suspended from practice on Monday and
Tuesday after missing classes. He was
allowed to participate in team meetings
and other activities, but is not allowed to
speak to reporters.
Peterson's suspension was a result of
a new Oklahoma athletic department
policy on class attendance implemented
this year. Under the policy, obtained
by The Associated Press, athletes who
accumulate four unexcused absences are
suspended from practice for two days.
For each subsequent absence, athletes
are suspended for the next scheduled
Athletes also can lose other privi-
leges, including complimentary game
admissions and athletic awards, and be
excluded from competing in postseason
play. Coaches can institute other atten-
dance guidelines, provided athletes are
notified in writing at the beginning of
the academic year.
Athletic director Joe Castiglione said
the new approach was one of the uni-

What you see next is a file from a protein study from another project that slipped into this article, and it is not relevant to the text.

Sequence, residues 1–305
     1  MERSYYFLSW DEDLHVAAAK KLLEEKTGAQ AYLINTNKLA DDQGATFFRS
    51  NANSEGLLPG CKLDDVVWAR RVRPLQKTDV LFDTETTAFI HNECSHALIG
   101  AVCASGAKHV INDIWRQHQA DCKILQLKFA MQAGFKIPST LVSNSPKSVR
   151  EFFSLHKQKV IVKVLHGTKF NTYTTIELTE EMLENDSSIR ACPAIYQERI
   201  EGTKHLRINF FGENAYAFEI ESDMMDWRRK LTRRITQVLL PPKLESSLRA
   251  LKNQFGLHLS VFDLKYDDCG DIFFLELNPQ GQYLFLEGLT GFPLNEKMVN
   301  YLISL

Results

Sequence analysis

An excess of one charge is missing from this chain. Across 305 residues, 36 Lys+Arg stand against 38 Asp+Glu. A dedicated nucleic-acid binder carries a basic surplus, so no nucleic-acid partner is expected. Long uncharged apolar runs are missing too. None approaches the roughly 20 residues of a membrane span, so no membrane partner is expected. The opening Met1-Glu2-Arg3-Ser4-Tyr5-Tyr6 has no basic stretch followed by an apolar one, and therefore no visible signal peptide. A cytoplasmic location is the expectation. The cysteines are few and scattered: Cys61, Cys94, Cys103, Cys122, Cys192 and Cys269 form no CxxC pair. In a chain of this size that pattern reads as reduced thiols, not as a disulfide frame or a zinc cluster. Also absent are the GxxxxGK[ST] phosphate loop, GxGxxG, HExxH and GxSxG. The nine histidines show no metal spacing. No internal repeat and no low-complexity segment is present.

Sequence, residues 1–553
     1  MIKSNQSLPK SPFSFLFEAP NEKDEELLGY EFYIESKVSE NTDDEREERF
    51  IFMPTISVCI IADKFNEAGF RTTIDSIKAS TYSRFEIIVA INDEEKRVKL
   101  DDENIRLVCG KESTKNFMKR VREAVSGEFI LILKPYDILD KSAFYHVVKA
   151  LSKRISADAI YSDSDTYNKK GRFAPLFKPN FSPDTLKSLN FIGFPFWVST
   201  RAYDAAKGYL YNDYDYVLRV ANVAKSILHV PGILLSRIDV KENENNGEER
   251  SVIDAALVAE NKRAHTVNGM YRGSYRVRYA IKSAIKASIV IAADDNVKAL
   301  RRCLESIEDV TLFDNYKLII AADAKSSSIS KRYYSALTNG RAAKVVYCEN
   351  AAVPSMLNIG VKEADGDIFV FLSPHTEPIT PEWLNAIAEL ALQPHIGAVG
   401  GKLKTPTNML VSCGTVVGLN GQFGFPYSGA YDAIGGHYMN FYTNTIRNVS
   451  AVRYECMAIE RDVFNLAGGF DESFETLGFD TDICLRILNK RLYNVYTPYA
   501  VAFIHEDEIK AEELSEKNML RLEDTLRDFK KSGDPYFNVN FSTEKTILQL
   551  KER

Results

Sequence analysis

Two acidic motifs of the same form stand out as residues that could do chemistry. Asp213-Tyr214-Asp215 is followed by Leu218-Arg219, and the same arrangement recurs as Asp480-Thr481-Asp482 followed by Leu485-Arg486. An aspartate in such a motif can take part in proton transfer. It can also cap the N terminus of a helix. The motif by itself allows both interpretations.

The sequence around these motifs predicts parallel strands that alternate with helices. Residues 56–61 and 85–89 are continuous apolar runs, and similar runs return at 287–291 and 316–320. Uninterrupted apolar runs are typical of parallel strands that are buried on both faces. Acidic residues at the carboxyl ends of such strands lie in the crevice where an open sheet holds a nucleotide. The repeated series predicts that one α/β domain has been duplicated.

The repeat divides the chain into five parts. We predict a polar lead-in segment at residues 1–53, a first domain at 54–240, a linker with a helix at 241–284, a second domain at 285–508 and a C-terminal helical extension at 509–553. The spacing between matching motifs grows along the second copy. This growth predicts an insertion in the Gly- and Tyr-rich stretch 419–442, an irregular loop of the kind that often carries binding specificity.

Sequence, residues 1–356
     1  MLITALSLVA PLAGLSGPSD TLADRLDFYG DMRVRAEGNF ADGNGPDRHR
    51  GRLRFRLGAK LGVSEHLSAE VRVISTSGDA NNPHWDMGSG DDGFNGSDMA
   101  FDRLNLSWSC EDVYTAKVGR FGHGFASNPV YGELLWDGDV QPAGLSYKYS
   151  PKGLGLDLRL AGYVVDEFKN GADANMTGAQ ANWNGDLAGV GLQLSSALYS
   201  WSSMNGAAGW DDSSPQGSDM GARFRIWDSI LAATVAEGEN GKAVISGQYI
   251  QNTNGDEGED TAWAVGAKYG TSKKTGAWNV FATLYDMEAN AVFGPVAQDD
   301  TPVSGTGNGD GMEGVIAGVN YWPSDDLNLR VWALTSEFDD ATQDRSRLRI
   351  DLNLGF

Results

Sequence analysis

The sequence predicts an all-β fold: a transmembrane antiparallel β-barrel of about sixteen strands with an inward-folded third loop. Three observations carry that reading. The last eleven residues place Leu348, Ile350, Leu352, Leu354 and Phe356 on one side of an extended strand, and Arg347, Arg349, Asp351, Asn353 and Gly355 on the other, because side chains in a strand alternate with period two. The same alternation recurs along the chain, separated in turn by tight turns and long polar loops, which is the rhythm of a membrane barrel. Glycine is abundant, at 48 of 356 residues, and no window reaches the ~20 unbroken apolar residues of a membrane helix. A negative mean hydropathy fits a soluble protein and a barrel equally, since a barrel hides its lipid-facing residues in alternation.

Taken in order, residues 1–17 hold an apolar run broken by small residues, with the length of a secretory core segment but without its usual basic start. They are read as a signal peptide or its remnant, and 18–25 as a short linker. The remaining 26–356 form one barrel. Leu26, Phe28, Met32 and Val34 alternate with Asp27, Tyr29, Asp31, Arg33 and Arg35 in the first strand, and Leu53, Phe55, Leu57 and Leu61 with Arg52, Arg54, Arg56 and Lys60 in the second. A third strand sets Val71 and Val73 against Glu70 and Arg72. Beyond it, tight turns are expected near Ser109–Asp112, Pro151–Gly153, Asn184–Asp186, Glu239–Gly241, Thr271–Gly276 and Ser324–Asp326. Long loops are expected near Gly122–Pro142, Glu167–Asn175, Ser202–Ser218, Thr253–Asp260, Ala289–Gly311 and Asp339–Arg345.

versity's strategies to improve academic
performance and retention and make
sure athletes are progressing toward their
"This is just one element of a number
of things that we are doing," Castiglione
Stoops endorses that policy.
"In the end, they're here to go to school,
and it should be our job as administrators
or as coaches that if they're not, we can't
put you on the field," Stoops said.
No. 21 Oklahoma announced the sus-
pension in a statement sent to a limited
number of news organizations following
the Sooners' closed practice Monday
"I probably shouldn't have said (Mon-
day), but everyone finds out anyway,"